Need to extend access and support for health information technology to a broader range of service providers

Integration of individual healthcare delivery and population/public health functions

 

Increased capacities to support interoperability, data analytics and reporting, application development and consumer engagement

Advancement of data analytics/artificial intelligence

 

All aspects of data management and analytics, skills to advance AI, clinical leadership, interoperability, and workflow design

Interoperability

Data processes/standardization, clinical leadership and workflow integration, data governance, interface development and management, advancement of FHIR related capabilities.

Cloud computing/ shift to software as a service

Shift from internal physical IT infrastructure to service and contract management

Threats to privacy and security

Support for all aspects of privacy security assessment, planning, implementation, mitigation.

Centralized models of clinical decision support

Clinical informatics, interoperability, FHIR related support, clinical leadership

Distributed research query infrastructure

Data governance, data analytics, clinical informatics leadership and research design


The Impact of Recent Experience

The past year has brought unprecedented challenges and change on a global level. The COVID-19 pandemic completely disrupted not only healthcare but every aspect of life. The need to rapidly support social distancing, and to integrate public health response into individualized patient care brought not only challenges, but impetus for rapid advancement in leveraging health IT enabled approaches. It also changed our appreciation of consumer needs and expectations.

Consumers now both expect and are expected to have more of their healthcare conducted remotely, rapidly emphasizing the needs identified above for skills to support digital health technology both technically and clinically, and to support consumers in their use of the technology. The delivery of care in atypical settings has also increased the base of vulnerability to privacy and security risk, exacerbated by unfortunate opportunism by attackers exploiting the pandemic. The pandemic also brought attention to the need for modernizing the technical and data infrastructure supporting public health, and the need to leverage interoperability to organize federated public health departments into a nationally coordinated system.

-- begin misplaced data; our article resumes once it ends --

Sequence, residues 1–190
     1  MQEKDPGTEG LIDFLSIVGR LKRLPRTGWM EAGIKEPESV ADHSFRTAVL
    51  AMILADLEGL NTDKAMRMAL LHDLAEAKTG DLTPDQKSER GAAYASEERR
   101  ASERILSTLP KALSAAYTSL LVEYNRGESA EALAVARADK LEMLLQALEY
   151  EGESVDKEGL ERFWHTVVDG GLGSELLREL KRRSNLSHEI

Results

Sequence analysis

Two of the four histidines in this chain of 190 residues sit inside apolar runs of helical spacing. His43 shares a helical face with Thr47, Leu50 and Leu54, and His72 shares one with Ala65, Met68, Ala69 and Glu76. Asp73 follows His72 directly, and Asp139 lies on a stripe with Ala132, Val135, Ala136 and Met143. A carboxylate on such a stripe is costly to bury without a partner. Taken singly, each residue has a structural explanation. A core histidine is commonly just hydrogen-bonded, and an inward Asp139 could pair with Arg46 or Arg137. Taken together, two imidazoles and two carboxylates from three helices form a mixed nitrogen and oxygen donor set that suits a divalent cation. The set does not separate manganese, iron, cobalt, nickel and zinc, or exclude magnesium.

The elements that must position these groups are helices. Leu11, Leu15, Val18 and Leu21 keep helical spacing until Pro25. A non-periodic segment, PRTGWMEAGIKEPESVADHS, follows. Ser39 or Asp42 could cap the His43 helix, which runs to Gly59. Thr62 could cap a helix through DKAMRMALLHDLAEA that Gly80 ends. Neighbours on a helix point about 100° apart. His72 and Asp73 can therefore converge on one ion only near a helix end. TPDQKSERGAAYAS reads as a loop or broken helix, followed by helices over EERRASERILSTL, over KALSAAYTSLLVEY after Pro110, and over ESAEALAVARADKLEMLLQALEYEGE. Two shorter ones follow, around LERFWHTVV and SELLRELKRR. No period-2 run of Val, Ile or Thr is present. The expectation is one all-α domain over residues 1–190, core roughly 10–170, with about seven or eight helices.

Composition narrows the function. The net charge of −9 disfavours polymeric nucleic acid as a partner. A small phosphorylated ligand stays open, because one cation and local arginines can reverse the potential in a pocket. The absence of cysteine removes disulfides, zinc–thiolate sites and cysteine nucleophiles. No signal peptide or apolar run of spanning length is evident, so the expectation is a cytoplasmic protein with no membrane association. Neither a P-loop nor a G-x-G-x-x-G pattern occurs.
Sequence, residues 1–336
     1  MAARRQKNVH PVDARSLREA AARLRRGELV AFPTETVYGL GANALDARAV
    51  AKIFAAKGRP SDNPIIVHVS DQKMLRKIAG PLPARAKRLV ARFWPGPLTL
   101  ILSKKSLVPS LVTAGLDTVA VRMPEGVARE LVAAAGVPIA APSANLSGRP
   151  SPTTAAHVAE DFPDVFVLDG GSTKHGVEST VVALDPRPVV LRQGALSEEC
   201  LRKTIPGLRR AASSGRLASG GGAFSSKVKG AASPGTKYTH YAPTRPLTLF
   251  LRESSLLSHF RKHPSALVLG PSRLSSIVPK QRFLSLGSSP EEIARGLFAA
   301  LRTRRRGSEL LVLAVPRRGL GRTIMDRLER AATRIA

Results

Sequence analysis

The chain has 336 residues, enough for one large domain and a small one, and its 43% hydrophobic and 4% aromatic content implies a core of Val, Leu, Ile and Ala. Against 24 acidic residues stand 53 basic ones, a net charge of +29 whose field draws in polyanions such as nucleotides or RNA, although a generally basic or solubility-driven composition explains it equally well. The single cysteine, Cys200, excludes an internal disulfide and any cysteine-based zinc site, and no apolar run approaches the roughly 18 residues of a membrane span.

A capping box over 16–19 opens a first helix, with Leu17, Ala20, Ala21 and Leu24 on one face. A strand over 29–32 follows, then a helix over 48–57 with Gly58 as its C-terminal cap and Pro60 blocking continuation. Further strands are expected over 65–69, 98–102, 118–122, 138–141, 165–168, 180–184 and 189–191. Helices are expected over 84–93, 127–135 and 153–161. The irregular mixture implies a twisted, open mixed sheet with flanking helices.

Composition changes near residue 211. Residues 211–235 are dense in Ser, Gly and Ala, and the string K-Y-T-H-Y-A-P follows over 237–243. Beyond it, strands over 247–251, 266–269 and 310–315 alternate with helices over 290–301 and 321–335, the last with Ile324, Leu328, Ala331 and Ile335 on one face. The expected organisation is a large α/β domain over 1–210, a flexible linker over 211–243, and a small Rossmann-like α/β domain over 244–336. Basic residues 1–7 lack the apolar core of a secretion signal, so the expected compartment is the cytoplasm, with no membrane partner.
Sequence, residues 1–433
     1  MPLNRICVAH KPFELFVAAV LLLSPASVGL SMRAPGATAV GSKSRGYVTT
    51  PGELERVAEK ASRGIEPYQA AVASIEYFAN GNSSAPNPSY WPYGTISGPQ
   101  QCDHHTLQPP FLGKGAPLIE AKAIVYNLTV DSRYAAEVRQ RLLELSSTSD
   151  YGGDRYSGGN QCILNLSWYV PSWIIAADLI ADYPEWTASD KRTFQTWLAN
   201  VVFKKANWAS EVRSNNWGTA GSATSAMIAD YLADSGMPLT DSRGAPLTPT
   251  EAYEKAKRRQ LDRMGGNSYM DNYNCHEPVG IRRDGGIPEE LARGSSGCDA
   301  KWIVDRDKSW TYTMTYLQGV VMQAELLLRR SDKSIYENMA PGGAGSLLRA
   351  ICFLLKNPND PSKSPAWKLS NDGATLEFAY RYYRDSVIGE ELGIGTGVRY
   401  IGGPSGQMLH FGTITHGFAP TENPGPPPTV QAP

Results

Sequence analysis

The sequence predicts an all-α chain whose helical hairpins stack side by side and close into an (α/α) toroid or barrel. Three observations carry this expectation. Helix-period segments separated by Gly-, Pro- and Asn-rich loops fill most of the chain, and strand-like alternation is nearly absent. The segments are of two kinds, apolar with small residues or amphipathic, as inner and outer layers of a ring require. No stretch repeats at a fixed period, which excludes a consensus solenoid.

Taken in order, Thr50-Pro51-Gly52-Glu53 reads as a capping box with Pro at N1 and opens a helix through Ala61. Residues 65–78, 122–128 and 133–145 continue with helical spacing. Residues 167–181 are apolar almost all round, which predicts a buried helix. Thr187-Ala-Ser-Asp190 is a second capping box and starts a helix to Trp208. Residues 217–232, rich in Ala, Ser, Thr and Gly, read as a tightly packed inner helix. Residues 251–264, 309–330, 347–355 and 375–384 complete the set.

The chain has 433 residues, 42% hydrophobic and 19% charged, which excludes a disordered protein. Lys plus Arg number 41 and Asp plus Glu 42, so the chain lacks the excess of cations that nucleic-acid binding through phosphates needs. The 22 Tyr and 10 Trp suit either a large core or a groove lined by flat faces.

The past year also brought recognition of a second more insidious and far reaching public health threat, that of structural racism. The relationship of racism and inequities to healthcare and health outcomes must be addressed. Health IT can be a powerful tool to recognize and address health disparities. Technologies that improve access to care through digital health approaches, as well as data analytics and predictive modeling to identify disparities more effectively, their underlying causes and target interventions are examples. On the other hand, differential in technology access, education and digital literacy could exacerbate disparities if we do not deliberately address them. 

Digital equity has emerged as a critical component to the success of health, education and economic wellbeing, amplified by the pandemic. A key component of digital equity is ensuring that public and private investments in digital connectivity and access are reaching all populations including rural, urban, disabled, racial/ethnic minorities and others. The high cost of computers previously viewed as the most significant barrier to benefitting from digital advancements is altered in an era of mobile devices that are more accessible. The digital divide has shifted to inequity between those who do and do not have bandwidth and those who may lack adequate digital literacy. Addressing these needs means assuring adequate workforce both in numbers and distribution and in terms of cultural relevance and competencies to make them effective.    

The relevance to this discussion of healthcare workforce has several perspectives. Racial inequities exist in both employment rates, education and job development opportunities and salaries—these extend to health IT-related jobs. Furthermore, healthcare workforce shortages impact disadvantaged populations; this becomes more dramatic if we factor in the need for a workforce able to understand and relate to perspectives and needs of minority populations. Therefore, a two-pronged approach is needed: programs to create more health IT career opportunities for members of minority communities, and programs to increase the competencies of the broader workforce.